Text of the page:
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    March 06, 2008

    Draft Gore … or salute President McCain

    Posted by: Andoni

    Algore The Democratic Party appears to be in an out-of-control death spiral. As Kevin pointed out yesterday, it is impossible for Hillary Clinton to surpass Barack Obama's pledged delegate count in the remaining primaries and caucuses, yet she continues in the race. As I’ve said before, I see a coming trainwreck.

    The problem is that neither Obama nor Clinton can reach an outright majority of delegates based solely on pledged delegates chosen in primaries and caucuses. Either will need superdelegates to be over the top.

    Hillary Clinton's problem is that even if she wins big in all the remaining primaries, she will still trail Barack in pledged delegates. To win the nomination, she would have to convince superdelegates to overturn the will of voters, just as the U.S. Supreme Court did in appointing George W. Bush president in 2000.

    That result would poison the Democratic Party. Young people and African Americans would be angry, and the party would split in an ugly convention scene that would likely propel John McCain to victory. There is not enough time in the eight weeks between the convention and the November election to heal wounds and win. The irony is this is supposed to be a Democratic year -- and yet the Democrats are on a certain path to blow it.

    Barack Obama’s problem is that even though he will have the most pledged delegates at the convention, he is having a hard time tapping into the traditional Democratic base to close the deal. Additionally, Americans are showing once again that they can be stampeded by fear.

    Senator Clinton’s closing "3 a.m" ad was very effective, and Senator McCain is guaranteed to use the same tactic, probably just as effectively. And while Obama and Clinton battle each other for six months, McCain will define Obama however he wants to, so if the superdelegates nominate Obama, he will be so beaten up by Clinton and McCain, I think he will fail in the fall.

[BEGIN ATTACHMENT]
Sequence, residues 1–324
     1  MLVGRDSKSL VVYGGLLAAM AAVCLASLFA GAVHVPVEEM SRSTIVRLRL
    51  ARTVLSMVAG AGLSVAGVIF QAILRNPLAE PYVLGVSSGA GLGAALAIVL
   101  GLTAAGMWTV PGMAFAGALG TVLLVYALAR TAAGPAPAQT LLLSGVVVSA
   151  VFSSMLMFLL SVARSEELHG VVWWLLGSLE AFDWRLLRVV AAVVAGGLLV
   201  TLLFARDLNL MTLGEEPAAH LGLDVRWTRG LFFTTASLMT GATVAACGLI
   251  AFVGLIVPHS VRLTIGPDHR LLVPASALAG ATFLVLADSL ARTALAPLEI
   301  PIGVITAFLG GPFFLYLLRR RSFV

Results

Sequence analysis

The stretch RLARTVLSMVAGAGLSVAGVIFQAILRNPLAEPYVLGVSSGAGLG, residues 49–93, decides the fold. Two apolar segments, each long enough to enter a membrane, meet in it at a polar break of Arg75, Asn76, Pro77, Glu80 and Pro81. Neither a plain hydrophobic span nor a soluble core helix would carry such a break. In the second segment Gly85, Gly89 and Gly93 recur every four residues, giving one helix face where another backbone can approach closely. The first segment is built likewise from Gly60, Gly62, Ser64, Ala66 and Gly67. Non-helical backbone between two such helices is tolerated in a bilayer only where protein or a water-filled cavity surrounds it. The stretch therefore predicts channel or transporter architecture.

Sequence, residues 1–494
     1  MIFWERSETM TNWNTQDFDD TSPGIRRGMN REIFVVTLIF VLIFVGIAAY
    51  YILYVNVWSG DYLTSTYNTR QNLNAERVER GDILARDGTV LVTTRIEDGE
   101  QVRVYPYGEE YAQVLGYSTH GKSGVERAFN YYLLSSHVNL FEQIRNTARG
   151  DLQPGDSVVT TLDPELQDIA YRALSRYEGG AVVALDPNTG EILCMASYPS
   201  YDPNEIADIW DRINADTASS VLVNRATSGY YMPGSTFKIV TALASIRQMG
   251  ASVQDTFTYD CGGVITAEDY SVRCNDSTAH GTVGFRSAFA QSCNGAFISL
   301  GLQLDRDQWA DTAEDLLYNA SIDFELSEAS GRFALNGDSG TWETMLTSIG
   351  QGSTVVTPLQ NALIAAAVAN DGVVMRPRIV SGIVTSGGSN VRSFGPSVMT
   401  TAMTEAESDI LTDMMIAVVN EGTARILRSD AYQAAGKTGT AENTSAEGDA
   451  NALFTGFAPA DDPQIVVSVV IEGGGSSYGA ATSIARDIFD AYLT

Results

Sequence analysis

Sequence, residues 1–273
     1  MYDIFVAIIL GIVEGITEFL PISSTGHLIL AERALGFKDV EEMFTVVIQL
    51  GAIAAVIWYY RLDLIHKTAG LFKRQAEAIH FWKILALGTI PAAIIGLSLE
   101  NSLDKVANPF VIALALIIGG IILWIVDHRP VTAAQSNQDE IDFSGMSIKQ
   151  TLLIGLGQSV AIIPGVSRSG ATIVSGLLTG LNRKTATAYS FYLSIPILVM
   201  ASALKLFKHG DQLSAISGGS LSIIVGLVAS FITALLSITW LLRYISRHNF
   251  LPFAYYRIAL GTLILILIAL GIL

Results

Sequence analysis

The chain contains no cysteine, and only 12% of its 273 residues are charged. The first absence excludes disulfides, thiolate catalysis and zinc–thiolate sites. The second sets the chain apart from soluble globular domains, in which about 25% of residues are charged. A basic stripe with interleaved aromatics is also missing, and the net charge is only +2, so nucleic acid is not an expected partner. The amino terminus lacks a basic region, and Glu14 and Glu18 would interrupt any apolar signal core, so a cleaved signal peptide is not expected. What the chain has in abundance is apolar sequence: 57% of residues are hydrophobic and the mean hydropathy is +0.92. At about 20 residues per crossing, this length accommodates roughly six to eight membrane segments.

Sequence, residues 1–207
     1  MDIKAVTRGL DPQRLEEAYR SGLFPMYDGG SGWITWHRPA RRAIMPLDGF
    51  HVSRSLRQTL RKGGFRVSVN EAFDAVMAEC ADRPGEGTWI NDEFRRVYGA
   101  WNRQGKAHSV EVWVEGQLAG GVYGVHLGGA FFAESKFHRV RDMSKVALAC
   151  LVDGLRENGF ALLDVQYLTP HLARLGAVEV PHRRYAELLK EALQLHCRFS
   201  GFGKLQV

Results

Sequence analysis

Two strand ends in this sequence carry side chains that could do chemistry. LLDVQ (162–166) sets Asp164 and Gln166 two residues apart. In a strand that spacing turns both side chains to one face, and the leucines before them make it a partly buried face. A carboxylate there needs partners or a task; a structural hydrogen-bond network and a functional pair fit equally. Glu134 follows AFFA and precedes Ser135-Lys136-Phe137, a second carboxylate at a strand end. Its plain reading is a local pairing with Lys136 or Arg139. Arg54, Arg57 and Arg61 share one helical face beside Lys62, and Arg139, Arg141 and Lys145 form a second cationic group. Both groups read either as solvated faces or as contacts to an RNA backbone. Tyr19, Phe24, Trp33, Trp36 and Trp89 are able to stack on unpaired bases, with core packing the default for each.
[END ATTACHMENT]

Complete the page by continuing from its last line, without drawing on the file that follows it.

Additional bad news is that exit polls show that Clinton and Obama divide the Democratic Party along lines of age, gender, race, education, and class.

    As an Obama supporter, of course I want my man to win. But if Senator Clinton continues to pursue the nomination when she has no way to win -- except by overturning the will of the voters -- Obama and the party will be the casualties. Although I want Obama to win, I want more for the Democrats to win in November.

    The only solution I see is for a group of wise superdelegates to begin a "draft Gore" movement, placing his name in nomination at the convention, and try to organize a large enough bloc of delegates to deny a majority to either Clinton or Obama ballot after ballot. After it becomes apparent that neither will get the nomination, I would hope Obama would throw his delegates to Al Gore, giving him the nomination.

    Gore is someone that the followers of both Obama and Clinton could get behind. Each faction would rather have Gore as the nominee than feel they had lost to their primary opponent. Feelings are that hard between these two camps. Gore just may be able to bridge these feelings as well as the fault lines in the party created by the two candidates.

    As a reward for throwing his delegates behind Gore, I hope Gore chooses Obama as his VP.

    Al Gore won the popular vote for president in 2000 and was denied the presidency by the Supreme Court. Americans would be ready to restore him to the office to which he was justly elected by voters, but denied by what some consider a coup by the conservative majority on the Supreme Court.

    Hillary Clinton often says it takes a Clinton to clean up after a Bush. But when you think of it, wouldn’t it be poetic justice for the person who cleans up after George Bush to be Al Gore -- the person who should have been in the Oval Office in the first place?



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    1. Tim C on Mar 7, 2008 10:35:12 AM:

      Boy, wouldn't that be top shelf political theater?

    1. 24hrlib on Apr 8, 2008 7:50:33 PM:

      Up front I'll admit I'm not hip with either HC or BO. So, agreement with Gore as president is easy for me. Your point about Obama's problem is very accurate. I read in the Times recently that Clinton actually has more registered Democratic voters than Obama. I can see how this would turn the head of any superdelegate. The Republican and Independent vote has never been dependable. This worries me. Gore/Edward's would work for me. Leader on enviroment teamed up with the leader on poverty. Thanks for the good read.

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